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The Decipherment of Linear B (Canto)
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The Decipherment of Linear B (Canto)

3.94 of 5 stars 3.94  ·  rating details  ·  139 ratings  ·  28 reviews
The languages of the ancient world and the mysterious scripts, long undeciphered, in which they were encoded have represented one of the most intriguing problems of archaeology in modern times. This celebrated account of the decipherment of Linear B in the 1950s by Michael Ventris was written by his close collaborator in the momentuous discovery. In revealing the secrets o ...more
Paperback, 164 pages
Published September 13th 1992 by Cambridge University Press (first published 1958)
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To say that a book is the exciting story of the decipherment of prehistoric bookkeeping records seems like damning with faint phrase, but that is what it is.

During the excavation of the Bronze Age Palace at Knossos at the beginning of the twentieth century Arthur Evans found hundreds of inscribed clay tablets, written in two different (but similar) scripts which he called Linear A and Linear B. Evans was prone to odd ideas (controversially he rebuilt and repainted parts of the excavated palace)

--The Decipherment of Linear B (Second Edition)

Appendix: Mycenaean Tablets in Transcription
During the Iron Age, the island of Cyprus did not use the common Greek alphabet, but rather its own syllabary, which was deciphered in the 19th century thanks to bilingual inscriptions in Greek in this script and in Phoenician. This syllabary seems to have been designed for a language with a consonant-vowel syllable structure, like Japanese, which does not work well for Greek, which has words like anthropos; the script accommodated such words by using silent vowels. In the early 20th century, ex ...more
Linear B is the alphabet (or syllabet) of the tablets found at Knossos on Crete and subsequently around Mycenaea on the Balkan peninsula. This book is the "popular" version of the academic volume initially published by Michael Ventris, the person who actually succeeded in deciphering Linear B, and John Chadwick, who supplied the linguistic grounding to demonstrate that Ventris's discovery actually worked. There are sufficient details to give the "popular" version sufficient depth to follow the p ...more
Fantástico primer acercamiento a la Lineal B, a su descubrimiento y a la lengua micénica: breve pero completo, claro y sencillo, de mano de uno de los principales partícipes, si bien hoy en día los estudios de micénico han avanzado mucho y es preciso ampliar la información que da este libro. De lectura fácil y entretenida, logra ser conciso y ameno incluso en los pasajes que pudieran resultar más farragosos por ser los más especializados o complejos. Totalmente recomendable para cualquiera inter ...more
When I started this book, I thought that Linear B was an early, unknown form of cuneiform. (Shameful ignorance!) So, I learned a lot from this book: Where Linear B came from, how it was deciphered and early Greek civilization.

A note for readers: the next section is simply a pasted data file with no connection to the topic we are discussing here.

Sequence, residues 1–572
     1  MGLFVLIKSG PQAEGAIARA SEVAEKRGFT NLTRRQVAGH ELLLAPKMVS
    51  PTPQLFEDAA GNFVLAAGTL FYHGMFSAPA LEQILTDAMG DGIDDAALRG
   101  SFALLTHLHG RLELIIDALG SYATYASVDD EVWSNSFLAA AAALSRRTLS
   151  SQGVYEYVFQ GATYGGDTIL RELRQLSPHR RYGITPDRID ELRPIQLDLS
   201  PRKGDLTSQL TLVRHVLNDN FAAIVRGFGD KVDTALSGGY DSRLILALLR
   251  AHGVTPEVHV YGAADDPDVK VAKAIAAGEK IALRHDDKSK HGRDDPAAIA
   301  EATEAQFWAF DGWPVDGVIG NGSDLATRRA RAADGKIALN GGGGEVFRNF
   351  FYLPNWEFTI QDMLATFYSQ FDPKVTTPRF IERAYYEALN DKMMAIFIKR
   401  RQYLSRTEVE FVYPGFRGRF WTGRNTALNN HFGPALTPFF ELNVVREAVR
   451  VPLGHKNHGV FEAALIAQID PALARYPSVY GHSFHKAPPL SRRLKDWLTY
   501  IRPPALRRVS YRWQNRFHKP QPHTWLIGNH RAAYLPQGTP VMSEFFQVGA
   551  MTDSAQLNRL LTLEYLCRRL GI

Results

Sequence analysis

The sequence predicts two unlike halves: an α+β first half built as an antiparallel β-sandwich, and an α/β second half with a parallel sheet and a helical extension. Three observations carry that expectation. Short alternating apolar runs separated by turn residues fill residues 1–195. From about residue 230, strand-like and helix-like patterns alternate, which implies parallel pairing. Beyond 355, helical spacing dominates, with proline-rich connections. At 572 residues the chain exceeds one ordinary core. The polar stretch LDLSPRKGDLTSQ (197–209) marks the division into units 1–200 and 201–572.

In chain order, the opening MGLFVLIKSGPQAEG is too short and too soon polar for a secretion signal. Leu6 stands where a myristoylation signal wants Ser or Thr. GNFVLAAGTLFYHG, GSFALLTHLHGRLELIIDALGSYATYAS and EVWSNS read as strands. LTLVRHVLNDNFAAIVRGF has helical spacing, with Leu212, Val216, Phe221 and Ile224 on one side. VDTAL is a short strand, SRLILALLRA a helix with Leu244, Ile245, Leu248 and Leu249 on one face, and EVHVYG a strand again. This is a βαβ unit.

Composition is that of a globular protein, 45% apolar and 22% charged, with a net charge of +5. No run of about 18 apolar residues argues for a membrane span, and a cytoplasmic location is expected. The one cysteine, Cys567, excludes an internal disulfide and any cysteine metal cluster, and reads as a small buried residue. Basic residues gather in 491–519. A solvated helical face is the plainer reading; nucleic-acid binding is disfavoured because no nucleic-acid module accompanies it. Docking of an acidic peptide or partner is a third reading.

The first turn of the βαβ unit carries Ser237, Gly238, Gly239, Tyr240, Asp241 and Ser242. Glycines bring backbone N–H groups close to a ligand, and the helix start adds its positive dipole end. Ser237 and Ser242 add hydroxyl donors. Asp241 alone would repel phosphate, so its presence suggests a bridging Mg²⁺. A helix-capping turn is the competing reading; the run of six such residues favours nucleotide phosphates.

The author, John Chadwick, was one of the people who did the deciphering. But the chief architect of rendering Linear B into something readable for modern civilization was an architect named Micheal Ventris, who died before their study was published.
Graeme Merrall
Scientific books are often interesting reads and not just for the content. Kip Thorne's physics book is one example of a dated but fascinating read on physics for example. It's very interesting to note how scientific writing has changed over the 50 or so years since it was written. As opposed to what you might think as an interesting and insightful romp through an fascinating subject, the age and in some respects the very Englishness of the author makes it the subject rather dry. In some areas h ...more
James F
Chadwick worked with Michael Ventris, the decipherer of Linear B, and became the major expert on the subject after his early death. This book explains how the script was deciphered and discovered to be Mycenaean Greek, and gives some of the later history of the reading of the tablets and what they have taught us about the culture of the first Greek civilization. Short, but very detailed.
I ended up pressing this book on everyone I know who's even vaguely interested in linguists, that's how much I liked it. It aims to be pretty much a layman's guide to Linear B, and I reckon it does that very well. My experience in Ancient Greek is limited to two years watching the Storyteller videos and pretending to learn grammar, but I promise you don't even need that - everything relevant is translated. Whilst it's not a comprehensive guide, it's very interesting reading, and has rather persu ...more
Great book for people intersted in historical linguistics. It tells the story of Michael Ventris, a professional architect and amateur linguist, proved that the ancient "Linear B" script was used to write a form of archaic Greek. Particularly interesting is that he himself didn't believe it was possible. He subscribed to the prevailing view at the time, that Linear B was user to write a non-Indo-European language, perhaps a relative of Etruscan. The preponderance of evidence from his own investi ...more